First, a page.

It is no great secret that fall is my favorite holiday. My friends and family know that as much as I love the cold weather, as much as I love Mardi Gras and as much as I love bikini season, there is no time of year that holds a candle to the tapering off of lawn mowing, the welcomed departure (albeit slowly) of mosquitoes, the dawn of football and the smell of autumn kitchens as mulled cider precedes hot soups and root vegetables.
I don’t care what the fashionistas see in their little crystal balls. I shamelessly predict a little corduroy and flannel with buzzard boots and Woodford Reserve in my future. I gave up smoking years ago, but the darker scents of tobacco and leather trigger something in me that makes me keep my hair long and my beard thin, enough to catch the scent of fall on the Mobile wind that can turn a hot fall day into a cool front porch social over the course of an hour. The old adage is, “If you don’t like the weather in Mobile, just wait a minute.” That goes for early evening temperatures almost as much as rain.
Fall will officially begin Sunday, Sept. 23, and although I don’t expect it to be very cool yet, I can say I’ve noticed a little drop in the morning heat as I get in my post-carpool/pre-work walk. The thought of plunging thermometers has me yearning for coffee tables with oranges and lemons studded with cloves, cinnamon sticks stirring some fruity concoction resting over low heat and the first batch of Texas Trash.
So, to celebrate the upcoming seasonal change, I decided to do a little research slightly out of my comfort zone and explore some trends.
A PSA on PSL
It is upon us. The Pumpkin Spice Latte, or PSL, has seen its share of attention over the past couple of years and is still a trend, but with all the jokes about it I feel that some of you take it very seriously. Of the people I know who wait for Starbucks to post the PSL sign in the window, fully prepared to sit in a drive-thru for 30 minutes, I would say 100 percent of them are women. I’m not saying men don’t drink them, I’m just saying I don’t know any men who drink them.
I can’t talk any degree of smack about the PSL without trying one myself, so I ventured out on a cool 81 F. morning in search of what drives the women wild. I figure Starbucks is responsible for this craze so I’d better give that one a shot. With an extra long drive-thru line, I had to risk being seen ordering something as ridiculous as this and entered the business to grab two little samples for Katie and myself.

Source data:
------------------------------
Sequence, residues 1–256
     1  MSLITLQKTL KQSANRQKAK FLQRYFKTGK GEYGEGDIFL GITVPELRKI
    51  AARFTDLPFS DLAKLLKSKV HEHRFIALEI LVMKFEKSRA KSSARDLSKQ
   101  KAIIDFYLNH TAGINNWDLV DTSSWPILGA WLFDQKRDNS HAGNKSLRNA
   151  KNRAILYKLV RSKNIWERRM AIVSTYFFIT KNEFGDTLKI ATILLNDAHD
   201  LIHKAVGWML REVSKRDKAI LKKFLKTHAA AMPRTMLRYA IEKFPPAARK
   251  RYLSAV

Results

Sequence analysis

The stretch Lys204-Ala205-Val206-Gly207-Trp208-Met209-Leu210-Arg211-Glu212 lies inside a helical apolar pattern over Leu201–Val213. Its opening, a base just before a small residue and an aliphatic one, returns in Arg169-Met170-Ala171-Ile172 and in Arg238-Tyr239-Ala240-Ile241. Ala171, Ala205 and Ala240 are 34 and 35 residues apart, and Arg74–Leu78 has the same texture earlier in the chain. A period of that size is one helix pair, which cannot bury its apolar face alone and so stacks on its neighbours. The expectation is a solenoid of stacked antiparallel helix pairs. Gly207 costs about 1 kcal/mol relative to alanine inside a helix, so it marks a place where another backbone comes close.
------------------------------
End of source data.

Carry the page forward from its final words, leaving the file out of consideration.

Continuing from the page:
“I’ll have two of the smallest pumpkin spice lattes you have.”
“Do you want the small or the short? The small is 8 ounces and the short is 6 ounces,” asks the server.
“Which of those is smaller?” I playfully replied. Let’s pretend she liked my comment. I still have trouble figuring out how I can order two of anything and it comes out to $9.35.
A minute or two later my name is yelled for everyone to hear. It was as if they were trying to let the world know that a grown man was ordering not one, but two pumpkin spice lattes, the shame of which should send me to the car covering my face and scrambling to get home. Not me, though. I’ll accept any ridicule and therefore held my head high as I waded through people on my way out the door, hell-bent on keeping an open mind and enjoying this suburbia fad.
My first sip was an eye opener. It was mega sweet. You can taste layers of nutmeg and cloves, and though the pumpkin flavor is present, it begins to have a bit of a chemical taste the further in you get. The one thing I couldn’t taste was coffee. The whole experience can be likened to drinking the candle section of my sister’s antique mall. So I am out.
I’m no fan of pumpkin ales, either. It’s no slight on any of these businesses, I’m just surprised people buy it. Make hay while the sun shines, Starbucks and microbreweries. If people are buying, sell it to them. I’ll stand in the other line.
Shake your pompoms
Pomegranate juice is everywhere, but not so far back a lot of you never touched the fruit. I grew up with them every fall so I’m glad to see them on the trendy list of autumn foods. We see them from September through Mardi Gras and know of their many health benefits, such as being high in antioxidants and having natural anti-inflammatory properties.
This “Jewel of Autumn” is sometimes referred to as the Chinese apple and promotes inner peace as you open the thick skin to find a treasure of delicious seeds, known as arils.
Last year pomegranates were employed in a lot of drinks and desserts. Expect to see them this year in more appetizers and main courses. The slightly sweet but dry fruit (seeds and juice) work really well in sauces with garlic, thyme and good olive oil. As a marinade pomegranate juice can really give pork or lamb an interesting flavor.
As much as I love seeing their popularity in restaurants I mostly enjoy eating them alone. By that I mean by myself. Not sharing. To avoid making a mess, open the pomegranate underwater in a large mixing bowl. This is the best way to keep the seeds from scattering. Put them in smoothies with yogurt and nuts or serve them with brie. Try to incorporate them with as much savory stuff as you do sweet.
Keep the trends alive!
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